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Go Green with GBO: ‘Windy’ future for US energy sector

The Energy Department produced a paper in 2008 that looked at the technological viability of using wind energy to provide 20% of the country's electricity needs by 2030

An elite group of academics, scientists, engineers, and professionals from the wind industry have spent the last two years revisiting the conclusions of the ‘20% Wind by 2030’ report and building on them to develop a new vision for wind energy through the year 2050.

The recent ‘Wind Vision Report’ specifies the societal, environmental, and economic benefits of wind power in a scenario where wind energy supplies 10% of Uncle Sam’s domestic electricity in 2020, 20% in 2030, and 35% in 2050, taking into consideration all aspects of wind energy (land-based, offshore, and dispersed).

The Energy Department produced a paper in 2008 that looked at the technological viability of using wind energy to provide 20% of the country’s electricity needs by 2030. The DOE and its national laboratories, the wind industry, electric utilities, and other organizations have all contributed to the paper 20% Wind Energy by 2030: Increasing Wind Energy’s Contribution to U.S. Electricity Supply. The paper looks at the prices, significant effects, and difficulties of producing 300 GW of wind power by 2030, or 20% of total energy production.

The U.S. Energy Information Administration (EIA) predicts that from 2005 to 2030, the demand for electricity in the United States will increase by 39%, reaching 5.8 billion megawatt-hours (MWh). The capacity of American wind energy would need to exceed 300 gigawatts (GW) or 300,000 megawatts (MW) to supply 20% of that demand. In just 23 years, this rise amounts to an increase of more than 290 GW.

The report found that it will take upgraded transmission lines, faster permitting and siting procedures, more reliable and operable wind systems, and more wind manufacturing capacity in the United States to get 20% wind energy.

Moreover, the number of wind turbine installations must increase from roughly 2000 per year in 2006 to almost 7,000 per year in 2017 to reach the 20% wind energy target.

Relating 20% of wind energy into the grid is feasible at 5 cents per kWh, and achieving 20% of wind energy is independent of the availability of raw resources.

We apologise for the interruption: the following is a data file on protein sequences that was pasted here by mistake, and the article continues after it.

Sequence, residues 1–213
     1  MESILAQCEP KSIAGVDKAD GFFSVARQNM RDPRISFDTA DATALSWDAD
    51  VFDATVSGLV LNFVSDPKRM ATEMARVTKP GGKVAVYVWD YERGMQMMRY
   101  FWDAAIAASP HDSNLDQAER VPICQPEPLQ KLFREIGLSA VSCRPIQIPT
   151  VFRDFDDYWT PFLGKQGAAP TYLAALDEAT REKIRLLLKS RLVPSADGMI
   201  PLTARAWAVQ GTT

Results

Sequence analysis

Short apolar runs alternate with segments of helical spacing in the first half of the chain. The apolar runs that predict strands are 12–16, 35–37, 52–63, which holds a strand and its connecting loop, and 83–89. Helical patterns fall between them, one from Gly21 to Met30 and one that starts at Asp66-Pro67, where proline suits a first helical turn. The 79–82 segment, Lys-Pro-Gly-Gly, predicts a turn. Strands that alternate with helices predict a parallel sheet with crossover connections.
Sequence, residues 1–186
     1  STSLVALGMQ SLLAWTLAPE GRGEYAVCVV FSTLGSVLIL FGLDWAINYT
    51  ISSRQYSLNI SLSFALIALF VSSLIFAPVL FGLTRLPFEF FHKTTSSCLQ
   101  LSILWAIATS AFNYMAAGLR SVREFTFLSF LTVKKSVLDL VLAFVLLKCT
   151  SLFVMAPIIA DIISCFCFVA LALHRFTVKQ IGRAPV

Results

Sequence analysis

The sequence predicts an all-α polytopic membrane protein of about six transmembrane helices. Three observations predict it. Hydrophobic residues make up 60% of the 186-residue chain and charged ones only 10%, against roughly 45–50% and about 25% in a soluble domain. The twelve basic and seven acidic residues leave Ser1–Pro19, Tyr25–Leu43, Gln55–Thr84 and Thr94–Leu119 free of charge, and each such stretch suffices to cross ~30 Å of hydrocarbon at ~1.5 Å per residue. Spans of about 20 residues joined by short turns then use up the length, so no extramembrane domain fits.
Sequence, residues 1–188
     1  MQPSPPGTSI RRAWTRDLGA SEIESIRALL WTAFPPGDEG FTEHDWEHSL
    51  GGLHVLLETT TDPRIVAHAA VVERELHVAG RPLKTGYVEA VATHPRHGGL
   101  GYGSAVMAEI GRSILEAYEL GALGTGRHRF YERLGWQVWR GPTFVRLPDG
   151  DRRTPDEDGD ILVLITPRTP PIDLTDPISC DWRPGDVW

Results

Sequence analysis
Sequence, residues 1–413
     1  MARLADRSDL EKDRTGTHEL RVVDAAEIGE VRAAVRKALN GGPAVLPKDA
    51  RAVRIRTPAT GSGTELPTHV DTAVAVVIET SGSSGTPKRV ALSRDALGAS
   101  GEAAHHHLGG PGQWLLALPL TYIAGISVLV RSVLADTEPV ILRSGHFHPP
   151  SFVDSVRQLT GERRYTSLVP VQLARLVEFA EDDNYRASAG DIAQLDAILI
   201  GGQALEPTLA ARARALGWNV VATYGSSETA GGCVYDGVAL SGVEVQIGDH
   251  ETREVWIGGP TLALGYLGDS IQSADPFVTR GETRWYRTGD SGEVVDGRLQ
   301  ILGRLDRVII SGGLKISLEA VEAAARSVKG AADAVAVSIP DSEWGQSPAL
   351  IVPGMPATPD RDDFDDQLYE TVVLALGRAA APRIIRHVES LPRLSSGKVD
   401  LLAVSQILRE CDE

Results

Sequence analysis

To reach 20% wind energy, addressing transmission issues like siting and cost allocation of new transmission lines will be necessary to access the nation’s finest wind resources.

Because transmission lines can last more than 50 years and wind turbines typically have a service life of at least 20 years, investments to reach 20% wind power by 2030 might continue to provide clean energy until 2050. By 2050, avoiding 20% of current CO2 emissions from wind power might prevent more than 15,000 metric tons of CO2 emissions (4,182 million metric tons of carbon equivalents).

This 20% Wind Scenario would replace much fossil fuel power. The WinDS model predicts that by 2030, wind generation will replace 50% of natural gas- and coal-generated electricity, respectively. Coal displacement is significant because it offers a better chance to reduce carbon emissions.

Given that coal power will continue to play a significant part in electricity production, a substantial increase in overall wind capacity could delay the need to develop some new coal capacity, preventing or delaying the increases in carbon emissions that would follow. According to current DOE forecasts, 140 GW of new coal plant capacity will be built by 2030; however, the 20% Wind Scenario could prevent the building of more than 80 GW of new coal capacity.

The 20% Wind Scenario considers the possibility of dramatically increasing American wind power production capacity. This wind development, including onshore and offshore wind projects, will employ more than 32,000 full-time people in U.S. manufacturing by 2026.

The production of the primary and supporting parts for the turbines, towers, and blades in the United States directly impacts employment. The manufacturing and construction sectors can maintain high jobs and develop further to satisfy rising global demand, even while the domestic wind installations drop after 2021 in the scenario model.

Using wind energy instead of fossil fuels, meeting current emission limits for common pollutants like sulfur dioxide, nitrogen oxides, and mercury is possible.

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